Commenting on 2017 data released by the Department of Transport on drivers' use of handheld phones, RAC road safety spokesperson Pete Williams said:
“It’s clearly good news these figures show improved compliance with the law in England and Wales, but worrying they were far higher in Scotland. It is also important to recognise the vast majority of these surveys were carried out months after the penalty for using a handheld mobile phone at the wheel was increased. It stands to reason the ‘fear factor’ of the tougher penalties would be greater in the time immediately after they were introduced.
“Anecdotally, we still see too many drivers either talking on their handheld phones or interacting with them. And perhaps more worryingly, our own research with drivers suggests the problem has far from gone away. As a result we suspect many drivers will be very sceptical of these findings as they don’t reflect what they see on a daily basis.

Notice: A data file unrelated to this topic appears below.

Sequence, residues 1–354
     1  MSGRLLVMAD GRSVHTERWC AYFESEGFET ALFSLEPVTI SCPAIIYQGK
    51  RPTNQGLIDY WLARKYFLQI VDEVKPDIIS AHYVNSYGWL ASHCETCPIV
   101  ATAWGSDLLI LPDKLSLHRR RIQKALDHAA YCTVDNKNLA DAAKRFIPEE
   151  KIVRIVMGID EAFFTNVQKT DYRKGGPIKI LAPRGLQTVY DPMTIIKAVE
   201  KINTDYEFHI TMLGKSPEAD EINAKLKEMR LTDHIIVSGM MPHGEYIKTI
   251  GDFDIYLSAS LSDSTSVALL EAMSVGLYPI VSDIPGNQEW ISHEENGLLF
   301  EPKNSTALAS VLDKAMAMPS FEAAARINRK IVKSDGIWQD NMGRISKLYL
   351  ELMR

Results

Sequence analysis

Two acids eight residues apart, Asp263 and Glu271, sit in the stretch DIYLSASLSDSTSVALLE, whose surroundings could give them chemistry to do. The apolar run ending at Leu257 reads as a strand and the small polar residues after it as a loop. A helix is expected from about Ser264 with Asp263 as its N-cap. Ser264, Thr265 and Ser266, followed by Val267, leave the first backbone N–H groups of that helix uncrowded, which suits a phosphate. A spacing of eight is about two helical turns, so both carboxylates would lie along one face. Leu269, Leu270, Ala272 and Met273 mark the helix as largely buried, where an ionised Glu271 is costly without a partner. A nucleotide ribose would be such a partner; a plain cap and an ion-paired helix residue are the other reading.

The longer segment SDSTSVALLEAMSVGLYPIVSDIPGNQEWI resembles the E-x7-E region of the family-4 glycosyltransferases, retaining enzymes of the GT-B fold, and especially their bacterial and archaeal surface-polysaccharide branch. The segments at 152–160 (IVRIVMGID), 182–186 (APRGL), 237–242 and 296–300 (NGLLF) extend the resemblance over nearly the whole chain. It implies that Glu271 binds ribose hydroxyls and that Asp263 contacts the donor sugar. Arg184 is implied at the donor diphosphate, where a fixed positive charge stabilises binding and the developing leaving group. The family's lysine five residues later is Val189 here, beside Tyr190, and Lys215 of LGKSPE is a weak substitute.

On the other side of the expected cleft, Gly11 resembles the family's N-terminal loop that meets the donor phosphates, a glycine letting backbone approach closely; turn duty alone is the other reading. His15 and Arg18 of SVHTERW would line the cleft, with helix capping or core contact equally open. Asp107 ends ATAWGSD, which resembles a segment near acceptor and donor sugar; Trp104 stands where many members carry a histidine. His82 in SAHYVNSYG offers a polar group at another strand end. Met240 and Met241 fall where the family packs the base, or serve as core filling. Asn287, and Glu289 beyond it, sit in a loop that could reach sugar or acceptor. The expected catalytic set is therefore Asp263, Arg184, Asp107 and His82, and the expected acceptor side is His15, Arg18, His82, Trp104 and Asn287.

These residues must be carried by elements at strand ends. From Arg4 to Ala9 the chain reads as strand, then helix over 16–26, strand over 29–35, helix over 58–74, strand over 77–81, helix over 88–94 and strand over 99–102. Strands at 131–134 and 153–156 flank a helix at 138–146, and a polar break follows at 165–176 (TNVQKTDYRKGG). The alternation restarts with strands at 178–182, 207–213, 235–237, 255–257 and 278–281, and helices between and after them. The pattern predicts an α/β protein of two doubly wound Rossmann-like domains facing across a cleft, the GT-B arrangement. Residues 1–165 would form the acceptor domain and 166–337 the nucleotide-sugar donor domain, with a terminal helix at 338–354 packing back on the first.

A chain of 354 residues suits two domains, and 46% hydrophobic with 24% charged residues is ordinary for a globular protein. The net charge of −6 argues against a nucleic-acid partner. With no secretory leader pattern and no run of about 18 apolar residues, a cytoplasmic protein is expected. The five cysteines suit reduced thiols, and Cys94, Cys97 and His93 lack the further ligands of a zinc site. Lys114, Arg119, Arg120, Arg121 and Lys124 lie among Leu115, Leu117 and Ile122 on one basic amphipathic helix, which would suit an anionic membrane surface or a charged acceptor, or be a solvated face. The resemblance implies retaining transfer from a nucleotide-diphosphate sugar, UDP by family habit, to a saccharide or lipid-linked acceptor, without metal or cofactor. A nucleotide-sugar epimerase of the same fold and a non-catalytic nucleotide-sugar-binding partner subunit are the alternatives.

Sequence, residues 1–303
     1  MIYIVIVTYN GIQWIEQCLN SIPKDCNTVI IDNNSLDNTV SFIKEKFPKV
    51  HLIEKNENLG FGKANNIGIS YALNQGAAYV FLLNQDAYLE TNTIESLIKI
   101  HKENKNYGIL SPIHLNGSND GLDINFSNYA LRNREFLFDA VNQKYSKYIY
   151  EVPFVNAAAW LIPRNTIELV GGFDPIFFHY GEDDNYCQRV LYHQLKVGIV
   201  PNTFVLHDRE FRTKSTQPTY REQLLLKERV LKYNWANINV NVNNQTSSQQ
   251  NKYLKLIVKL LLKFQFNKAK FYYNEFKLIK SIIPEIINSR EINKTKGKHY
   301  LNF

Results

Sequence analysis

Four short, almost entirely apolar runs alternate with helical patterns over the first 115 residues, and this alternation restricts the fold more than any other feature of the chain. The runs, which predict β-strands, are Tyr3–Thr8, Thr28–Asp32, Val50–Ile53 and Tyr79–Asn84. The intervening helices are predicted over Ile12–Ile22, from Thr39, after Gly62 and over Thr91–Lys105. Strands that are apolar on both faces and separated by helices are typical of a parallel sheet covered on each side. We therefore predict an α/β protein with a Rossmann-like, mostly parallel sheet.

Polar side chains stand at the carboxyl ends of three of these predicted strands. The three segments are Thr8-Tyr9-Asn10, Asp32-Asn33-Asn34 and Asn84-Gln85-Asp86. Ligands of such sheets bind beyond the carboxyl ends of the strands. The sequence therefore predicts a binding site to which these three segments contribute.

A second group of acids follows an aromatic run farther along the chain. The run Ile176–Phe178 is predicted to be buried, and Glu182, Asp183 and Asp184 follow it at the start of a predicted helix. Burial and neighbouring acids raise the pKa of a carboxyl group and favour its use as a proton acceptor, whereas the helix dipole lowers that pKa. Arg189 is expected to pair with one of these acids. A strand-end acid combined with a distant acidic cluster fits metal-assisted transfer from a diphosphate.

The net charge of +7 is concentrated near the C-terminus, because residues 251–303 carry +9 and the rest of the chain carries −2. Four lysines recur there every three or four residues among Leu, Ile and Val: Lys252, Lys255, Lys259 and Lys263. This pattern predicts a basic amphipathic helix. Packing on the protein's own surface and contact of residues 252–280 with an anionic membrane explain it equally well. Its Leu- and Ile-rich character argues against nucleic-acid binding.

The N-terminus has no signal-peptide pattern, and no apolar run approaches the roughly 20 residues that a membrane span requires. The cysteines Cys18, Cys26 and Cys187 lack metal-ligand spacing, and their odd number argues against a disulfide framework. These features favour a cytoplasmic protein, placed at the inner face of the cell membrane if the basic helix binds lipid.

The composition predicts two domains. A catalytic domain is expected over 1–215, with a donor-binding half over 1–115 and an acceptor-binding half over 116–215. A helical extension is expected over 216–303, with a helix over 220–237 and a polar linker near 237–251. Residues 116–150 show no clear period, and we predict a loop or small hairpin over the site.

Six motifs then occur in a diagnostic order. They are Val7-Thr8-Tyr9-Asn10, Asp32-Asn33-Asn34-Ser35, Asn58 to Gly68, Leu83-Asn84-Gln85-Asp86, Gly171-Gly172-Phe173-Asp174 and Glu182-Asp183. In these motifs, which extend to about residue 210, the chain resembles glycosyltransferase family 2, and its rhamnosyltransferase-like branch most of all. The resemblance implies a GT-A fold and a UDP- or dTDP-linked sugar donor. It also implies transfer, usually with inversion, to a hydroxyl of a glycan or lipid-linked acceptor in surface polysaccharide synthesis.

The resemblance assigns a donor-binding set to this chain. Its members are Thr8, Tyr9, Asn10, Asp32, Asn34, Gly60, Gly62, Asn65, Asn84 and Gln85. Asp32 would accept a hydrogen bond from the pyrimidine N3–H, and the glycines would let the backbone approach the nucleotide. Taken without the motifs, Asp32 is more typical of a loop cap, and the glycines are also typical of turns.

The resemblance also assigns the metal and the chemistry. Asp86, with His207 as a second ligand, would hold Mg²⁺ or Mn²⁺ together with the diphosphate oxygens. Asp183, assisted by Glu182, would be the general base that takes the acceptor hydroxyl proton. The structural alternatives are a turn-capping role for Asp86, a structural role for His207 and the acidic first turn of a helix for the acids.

“As this survey is only carried out every two years we also fear many drivers who might have changed their ways initially due to the increased penalty may have fallen back into their old ways. This isn’t helped by the decline in the number of roads police officers as some drivers aren’t as afraid of being caught breaking motoring laws as they once were.
“It’s also important to remember just how tricky it can be to detect someone using a phone illegally. While some will blatantly drive and hold their phone to their ear, others will be a lot more covert or will only use a handheld phone very briefly – activities which are still dangerous and against the law.”